Thursday, November 24, 2011

Threat Of Triple Damages Over Possible False Claims Leaving Banksters Gun-Shy Over Submitting FHA Insurance Claims On Robosigner-Obtained F'closures?

The Wall Street Journal reports:

  • Today’s WSJ looks at how the Federal Housing Administration is facing steeper than projected losses that threaten to wipe out the agency’s reserves if home prices decline. Despite the potential for much bigger losses, the FHA actually saw its cash on hand go up in the last year. Taxpayers can thank the robo-signing crisis for that.

  • The FHA doesn’t actually make loans, but instead it insures lenders against losses on loans that meet its standards. The agency functions like an insurance company: It charges premiums to borrowers who take out FHA-backed loans, and holds those premiums in reserve to pay out against claims in the future.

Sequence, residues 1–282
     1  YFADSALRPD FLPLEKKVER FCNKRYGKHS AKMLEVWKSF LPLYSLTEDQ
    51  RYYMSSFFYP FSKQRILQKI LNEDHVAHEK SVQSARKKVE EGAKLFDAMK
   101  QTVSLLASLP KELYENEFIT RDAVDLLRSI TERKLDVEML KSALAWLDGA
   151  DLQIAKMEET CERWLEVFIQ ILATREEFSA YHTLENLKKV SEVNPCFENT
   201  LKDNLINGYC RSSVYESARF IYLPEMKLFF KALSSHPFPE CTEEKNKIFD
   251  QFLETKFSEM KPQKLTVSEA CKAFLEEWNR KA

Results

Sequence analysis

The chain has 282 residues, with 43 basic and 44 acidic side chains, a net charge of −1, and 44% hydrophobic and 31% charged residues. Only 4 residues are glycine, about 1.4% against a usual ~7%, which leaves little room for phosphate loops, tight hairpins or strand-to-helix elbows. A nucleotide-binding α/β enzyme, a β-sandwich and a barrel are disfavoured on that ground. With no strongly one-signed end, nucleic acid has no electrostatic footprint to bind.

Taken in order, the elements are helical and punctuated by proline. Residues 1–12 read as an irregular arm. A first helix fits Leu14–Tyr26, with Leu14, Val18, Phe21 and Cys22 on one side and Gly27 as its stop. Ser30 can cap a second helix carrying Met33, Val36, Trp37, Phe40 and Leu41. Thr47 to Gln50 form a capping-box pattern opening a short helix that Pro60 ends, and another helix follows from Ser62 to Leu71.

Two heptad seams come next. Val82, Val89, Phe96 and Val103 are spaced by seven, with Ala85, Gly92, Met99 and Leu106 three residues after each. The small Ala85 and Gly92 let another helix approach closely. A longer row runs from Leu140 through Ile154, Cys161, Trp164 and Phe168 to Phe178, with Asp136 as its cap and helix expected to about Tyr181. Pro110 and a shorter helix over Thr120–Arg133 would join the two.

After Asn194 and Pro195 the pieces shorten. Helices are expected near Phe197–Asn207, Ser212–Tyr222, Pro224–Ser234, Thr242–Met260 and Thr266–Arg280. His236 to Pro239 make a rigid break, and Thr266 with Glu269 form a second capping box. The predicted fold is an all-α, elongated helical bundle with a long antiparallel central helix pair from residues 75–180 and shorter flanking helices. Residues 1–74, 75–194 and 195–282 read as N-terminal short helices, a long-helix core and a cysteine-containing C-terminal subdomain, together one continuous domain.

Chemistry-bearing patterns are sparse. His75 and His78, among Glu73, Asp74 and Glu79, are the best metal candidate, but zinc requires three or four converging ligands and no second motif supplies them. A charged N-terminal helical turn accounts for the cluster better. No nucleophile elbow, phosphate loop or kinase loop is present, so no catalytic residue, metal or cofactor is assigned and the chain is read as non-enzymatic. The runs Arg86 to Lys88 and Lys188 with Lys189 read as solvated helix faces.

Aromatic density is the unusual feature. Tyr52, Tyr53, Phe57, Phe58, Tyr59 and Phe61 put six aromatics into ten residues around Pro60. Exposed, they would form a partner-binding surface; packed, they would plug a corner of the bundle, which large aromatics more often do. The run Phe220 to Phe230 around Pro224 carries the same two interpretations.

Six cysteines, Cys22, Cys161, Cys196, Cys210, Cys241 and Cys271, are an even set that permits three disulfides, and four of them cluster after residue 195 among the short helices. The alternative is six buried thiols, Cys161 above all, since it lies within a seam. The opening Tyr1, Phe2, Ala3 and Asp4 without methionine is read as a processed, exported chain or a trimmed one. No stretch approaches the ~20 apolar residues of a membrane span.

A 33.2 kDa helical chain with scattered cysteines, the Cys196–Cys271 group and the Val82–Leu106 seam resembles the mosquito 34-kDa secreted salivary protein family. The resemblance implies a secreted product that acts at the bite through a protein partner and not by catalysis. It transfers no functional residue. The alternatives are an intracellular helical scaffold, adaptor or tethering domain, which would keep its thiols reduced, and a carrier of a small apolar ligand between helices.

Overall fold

• Today’s report focuses on the FHA’s expected reserves after it subtracts all anticipated losses. Right now, that leaves the FHA with a razor-thin $2.6 billion in capital to pay for losses that aren’t baked into the current forecast. This is down from $4.7 billion last year and $3.6 billion in 2009.

  • But the FHA’s cash on hand increased by around $800 million to $33.7 billion. While banks are completing foreclosures on FHA-backed loans, they aren’t yet filing claims to be reimbursed because of the “robo-signing” and other dubious back-office practices that surfaced last year.

  • Banks that submit claims to the FHA for improperly handled mortgages can be liable under the False Claims Act to pay treble damages—or fines that are triple the amount of the claim the lender is submitting to the government.

  • Banks have been holding off on submitting claims, it seems, until they’ve double- and triple-checked their processes to ensure that their reimbursement requests to Uncle Sam are iron proof.

For the story, see More on the FHA: Robo-Signing’s Effect.

No comments: